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Re: @font-face and unicode-range

From: John Daggett <jdaggett@mozilla.com>
Date: Mon, 1 Jun 2009 00:25:53 -0700 (PDT)
To: www-style@w3.org
Message-ID: <7060733.101781243841153054.JavaMail.root@cm-mail01.mozilla.org>
Hi Michael,

> Recently we have been updating Prince so that @font-face rules are
> handled as described in the latest draft of the CSS3 Fonts module and
> we have also added support for the unicode-range descriptor.

Great, fantastic!

> - Should the spec include keywords for common Unicode blocks?
> 
> The TrueType OS/2 table includes a UnicodeRange field that describes
> the coverage of several common Unicode blocks, eg. basic_latin,
> latin1_supplement, greek_and_coptic, and so on. Something like this
> could be a useful addition to the spec that would make it easier for
> authors than writing explicit codepoint ranges.

This is a good improvement I think but maybe it would be better to just
add a string value to the possible values of <urange>.

unicode-range: "Basic Latin", U+1??;

The list of ranges in the OS/2 table seems to be based on named ranges
in the Unicode standard, I'll see if I can find a definitive source for
this.

>   - Is it worth allowing single character strings to identify codepoints?
> 
> For example, 'a' or '\61' could be used as a synonym for U+61. This
> might be easier for people familiar with CSS syntax. It doesn't help
> with the other ranges though, unless 'a'-'z' is also allowed.

Makes sense but I think the implementation details could easily get a
bit hairy, you would end up with ambiguous situations involving things
like combining diacritics and shaped vowels.  To authors they would
appear as a single character but underneath they would in fact be
multi-character strings:

  unicode-range: 'å'; /* could be a-ring or 'a' followed by ring diacritic */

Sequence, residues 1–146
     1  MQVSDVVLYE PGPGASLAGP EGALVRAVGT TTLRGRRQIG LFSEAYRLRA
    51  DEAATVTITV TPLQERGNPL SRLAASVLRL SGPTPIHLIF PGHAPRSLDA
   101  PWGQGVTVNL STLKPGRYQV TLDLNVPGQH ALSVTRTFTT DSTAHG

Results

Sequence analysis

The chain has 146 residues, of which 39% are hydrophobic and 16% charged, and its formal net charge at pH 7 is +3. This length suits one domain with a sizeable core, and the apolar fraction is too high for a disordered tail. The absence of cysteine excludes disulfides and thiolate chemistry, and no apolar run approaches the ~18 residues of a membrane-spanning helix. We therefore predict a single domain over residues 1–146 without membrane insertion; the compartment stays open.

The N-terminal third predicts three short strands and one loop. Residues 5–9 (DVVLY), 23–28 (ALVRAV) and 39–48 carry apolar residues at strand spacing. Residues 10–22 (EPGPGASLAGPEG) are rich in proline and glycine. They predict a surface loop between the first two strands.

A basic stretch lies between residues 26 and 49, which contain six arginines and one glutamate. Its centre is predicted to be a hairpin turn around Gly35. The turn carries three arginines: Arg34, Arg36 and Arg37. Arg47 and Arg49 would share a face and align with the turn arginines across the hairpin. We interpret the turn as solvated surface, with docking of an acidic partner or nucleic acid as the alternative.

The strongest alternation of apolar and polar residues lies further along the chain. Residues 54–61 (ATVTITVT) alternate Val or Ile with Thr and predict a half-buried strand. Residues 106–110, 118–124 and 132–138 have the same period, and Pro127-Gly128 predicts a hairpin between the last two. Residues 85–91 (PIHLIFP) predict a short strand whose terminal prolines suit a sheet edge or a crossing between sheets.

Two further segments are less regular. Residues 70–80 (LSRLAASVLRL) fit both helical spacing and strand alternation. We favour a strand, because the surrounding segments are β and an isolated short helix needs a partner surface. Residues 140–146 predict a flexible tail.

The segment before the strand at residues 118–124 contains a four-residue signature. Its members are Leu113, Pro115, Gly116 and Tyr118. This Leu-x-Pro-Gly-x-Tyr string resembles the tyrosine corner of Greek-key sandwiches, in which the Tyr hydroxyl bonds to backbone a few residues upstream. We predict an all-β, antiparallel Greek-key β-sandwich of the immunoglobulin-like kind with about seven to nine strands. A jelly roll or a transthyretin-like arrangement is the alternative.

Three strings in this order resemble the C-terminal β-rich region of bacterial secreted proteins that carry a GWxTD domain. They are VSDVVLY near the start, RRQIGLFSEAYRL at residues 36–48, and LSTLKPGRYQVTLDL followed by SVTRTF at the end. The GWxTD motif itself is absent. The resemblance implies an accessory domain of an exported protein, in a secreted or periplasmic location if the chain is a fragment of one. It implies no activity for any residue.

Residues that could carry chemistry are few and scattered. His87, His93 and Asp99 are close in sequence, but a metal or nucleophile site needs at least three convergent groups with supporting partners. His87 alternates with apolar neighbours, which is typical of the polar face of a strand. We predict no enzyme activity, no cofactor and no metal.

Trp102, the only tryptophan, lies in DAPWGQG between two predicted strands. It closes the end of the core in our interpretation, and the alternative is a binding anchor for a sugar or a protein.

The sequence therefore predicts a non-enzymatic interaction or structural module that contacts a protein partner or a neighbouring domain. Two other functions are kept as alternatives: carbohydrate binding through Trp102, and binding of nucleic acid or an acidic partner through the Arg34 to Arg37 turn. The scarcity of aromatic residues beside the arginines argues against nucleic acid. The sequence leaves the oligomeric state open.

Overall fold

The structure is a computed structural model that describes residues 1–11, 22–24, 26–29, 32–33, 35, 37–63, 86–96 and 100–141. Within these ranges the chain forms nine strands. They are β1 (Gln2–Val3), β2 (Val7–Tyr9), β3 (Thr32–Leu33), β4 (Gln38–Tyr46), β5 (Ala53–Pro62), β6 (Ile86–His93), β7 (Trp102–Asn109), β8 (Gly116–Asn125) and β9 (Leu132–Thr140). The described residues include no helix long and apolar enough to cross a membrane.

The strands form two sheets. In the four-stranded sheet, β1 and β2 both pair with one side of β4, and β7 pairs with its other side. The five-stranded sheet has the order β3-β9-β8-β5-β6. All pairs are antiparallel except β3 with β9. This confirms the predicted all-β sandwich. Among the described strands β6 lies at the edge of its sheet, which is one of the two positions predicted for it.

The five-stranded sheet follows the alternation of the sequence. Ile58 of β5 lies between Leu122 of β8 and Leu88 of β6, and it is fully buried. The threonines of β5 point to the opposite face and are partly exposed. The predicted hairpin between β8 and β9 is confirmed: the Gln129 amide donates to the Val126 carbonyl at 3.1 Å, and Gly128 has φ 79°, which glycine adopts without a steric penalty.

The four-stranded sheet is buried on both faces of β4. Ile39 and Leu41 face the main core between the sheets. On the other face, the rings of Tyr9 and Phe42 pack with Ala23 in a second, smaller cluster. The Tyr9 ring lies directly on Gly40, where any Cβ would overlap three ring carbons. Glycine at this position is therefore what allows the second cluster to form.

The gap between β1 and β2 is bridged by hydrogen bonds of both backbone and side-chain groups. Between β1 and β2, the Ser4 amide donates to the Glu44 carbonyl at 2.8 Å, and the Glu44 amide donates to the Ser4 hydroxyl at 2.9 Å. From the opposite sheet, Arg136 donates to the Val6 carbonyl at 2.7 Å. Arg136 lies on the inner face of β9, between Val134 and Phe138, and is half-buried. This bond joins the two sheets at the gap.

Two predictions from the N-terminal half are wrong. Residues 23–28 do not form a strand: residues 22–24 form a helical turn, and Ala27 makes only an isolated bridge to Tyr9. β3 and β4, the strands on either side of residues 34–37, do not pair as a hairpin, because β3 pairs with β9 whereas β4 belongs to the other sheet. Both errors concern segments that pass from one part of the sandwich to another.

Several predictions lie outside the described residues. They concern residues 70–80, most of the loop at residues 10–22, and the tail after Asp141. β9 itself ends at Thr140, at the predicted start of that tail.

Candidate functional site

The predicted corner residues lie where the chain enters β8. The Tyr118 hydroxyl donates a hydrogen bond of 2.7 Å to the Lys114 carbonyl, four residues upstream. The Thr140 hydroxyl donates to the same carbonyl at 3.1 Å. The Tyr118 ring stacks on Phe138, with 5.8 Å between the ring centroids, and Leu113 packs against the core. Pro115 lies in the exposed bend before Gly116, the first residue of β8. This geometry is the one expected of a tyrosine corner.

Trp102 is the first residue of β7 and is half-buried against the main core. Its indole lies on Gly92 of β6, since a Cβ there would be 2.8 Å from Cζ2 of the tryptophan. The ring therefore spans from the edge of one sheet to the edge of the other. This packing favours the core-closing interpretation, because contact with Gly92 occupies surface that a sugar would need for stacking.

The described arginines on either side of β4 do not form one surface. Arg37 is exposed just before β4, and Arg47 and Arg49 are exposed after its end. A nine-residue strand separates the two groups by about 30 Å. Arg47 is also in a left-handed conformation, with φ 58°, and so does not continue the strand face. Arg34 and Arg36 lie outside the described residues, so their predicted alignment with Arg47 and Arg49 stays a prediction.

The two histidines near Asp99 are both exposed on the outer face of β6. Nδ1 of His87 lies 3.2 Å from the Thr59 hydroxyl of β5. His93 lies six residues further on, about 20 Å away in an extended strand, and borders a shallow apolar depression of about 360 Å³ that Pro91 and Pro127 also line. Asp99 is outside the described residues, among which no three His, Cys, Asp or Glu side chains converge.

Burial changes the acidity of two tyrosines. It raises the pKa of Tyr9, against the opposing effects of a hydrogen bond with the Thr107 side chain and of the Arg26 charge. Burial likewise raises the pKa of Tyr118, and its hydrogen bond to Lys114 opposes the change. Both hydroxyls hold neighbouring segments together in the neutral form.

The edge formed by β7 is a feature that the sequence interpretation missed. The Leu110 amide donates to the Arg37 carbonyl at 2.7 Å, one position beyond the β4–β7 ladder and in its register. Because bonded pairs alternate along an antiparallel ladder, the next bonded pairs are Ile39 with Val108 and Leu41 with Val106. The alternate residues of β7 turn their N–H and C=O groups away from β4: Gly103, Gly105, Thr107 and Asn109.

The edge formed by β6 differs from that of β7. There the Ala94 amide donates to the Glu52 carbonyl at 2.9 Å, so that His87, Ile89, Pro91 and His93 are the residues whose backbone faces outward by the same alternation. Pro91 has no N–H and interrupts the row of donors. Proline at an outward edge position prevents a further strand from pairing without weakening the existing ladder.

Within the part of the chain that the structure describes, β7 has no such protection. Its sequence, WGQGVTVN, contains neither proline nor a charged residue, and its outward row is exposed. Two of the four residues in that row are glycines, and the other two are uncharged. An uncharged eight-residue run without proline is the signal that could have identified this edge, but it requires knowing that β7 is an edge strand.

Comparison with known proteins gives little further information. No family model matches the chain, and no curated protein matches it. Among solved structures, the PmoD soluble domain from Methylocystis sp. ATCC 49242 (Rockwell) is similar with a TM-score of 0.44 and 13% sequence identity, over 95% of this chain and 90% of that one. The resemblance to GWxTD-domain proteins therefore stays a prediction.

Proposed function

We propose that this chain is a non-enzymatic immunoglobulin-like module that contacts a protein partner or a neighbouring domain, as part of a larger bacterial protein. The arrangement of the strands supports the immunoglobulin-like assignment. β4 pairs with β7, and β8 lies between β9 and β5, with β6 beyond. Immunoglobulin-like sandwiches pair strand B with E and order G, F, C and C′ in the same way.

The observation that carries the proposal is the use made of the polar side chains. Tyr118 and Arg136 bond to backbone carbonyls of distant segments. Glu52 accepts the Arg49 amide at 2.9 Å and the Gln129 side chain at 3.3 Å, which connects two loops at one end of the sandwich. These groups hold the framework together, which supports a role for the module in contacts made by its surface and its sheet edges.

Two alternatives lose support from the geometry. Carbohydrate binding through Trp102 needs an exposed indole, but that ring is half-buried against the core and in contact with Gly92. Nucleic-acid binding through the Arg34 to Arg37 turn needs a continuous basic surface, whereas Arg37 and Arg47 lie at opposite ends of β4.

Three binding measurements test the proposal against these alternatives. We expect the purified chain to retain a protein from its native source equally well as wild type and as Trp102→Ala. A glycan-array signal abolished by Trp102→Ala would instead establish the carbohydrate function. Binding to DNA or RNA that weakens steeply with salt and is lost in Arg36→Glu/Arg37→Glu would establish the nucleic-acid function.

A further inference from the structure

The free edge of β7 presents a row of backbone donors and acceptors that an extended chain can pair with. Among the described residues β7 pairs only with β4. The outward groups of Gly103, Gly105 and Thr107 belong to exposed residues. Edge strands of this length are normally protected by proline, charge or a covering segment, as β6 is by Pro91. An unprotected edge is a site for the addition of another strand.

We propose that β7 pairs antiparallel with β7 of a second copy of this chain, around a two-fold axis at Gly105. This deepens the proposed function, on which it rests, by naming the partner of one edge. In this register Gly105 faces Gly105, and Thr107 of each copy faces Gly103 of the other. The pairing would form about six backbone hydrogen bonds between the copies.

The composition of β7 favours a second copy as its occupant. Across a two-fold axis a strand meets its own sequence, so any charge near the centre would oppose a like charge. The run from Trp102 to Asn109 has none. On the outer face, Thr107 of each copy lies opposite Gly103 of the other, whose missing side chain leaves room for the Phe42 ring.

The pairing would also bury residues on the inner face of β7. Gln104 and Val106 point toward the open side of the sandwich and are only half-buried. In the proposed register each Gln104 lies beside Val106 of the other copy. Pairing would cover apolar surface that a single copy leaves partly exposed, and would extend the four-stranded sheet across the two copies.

You could probably come up with rules to reduce possible ambiguity but I
think the complexity here would outweigh the potential convenience. 
With the named ranges you describe above I think you would cover most of
the use cases for shorthand notation like this.

>   - Is there a need for a "language" descriptor in @font-face rules?
> 
> This might be an internal property only needed by vendors and not
> authors, but it seems useful to have a descriptor to distinguish
> particular font faces by language. This could include providing a
> single font to handle traditional and simplified Chinese:
> 
> @font-face {
>      font-family: MyChineseFont;
>      src: url("simpl.ttf");
>      language: zh, zh-CN
> }
> 
> @font-face {
>      font-family: MyChineseFont;
>      src: url("trad.ttf");
>      language: zh-HK, zh-TW
> }

I understand the problem you're considering here, it occurs in many
languages that share a common script, but I'm unclear if there's a
possible solution here. One way to use the above notation might be to
select different faces within a family for a given Unicode range based
on which language matches the language of the page.  The default value
would be 'all' and if the current page language didn't match a language
in the list, another face would be selected?

If this is more for documentation purposes, wouldn't a comment suffice?

> The only other way to do this at present is using the :lang()
> selector, but that can be difficult to integrate cleanly with other
> CSS rules and uses of the font and font-family properties.

This is interesting, could you elaborate more on this?

Cheers,

John Daggett
Mozilla Japan
Received on Monday, 1 June 2009 07:26:31 GMT

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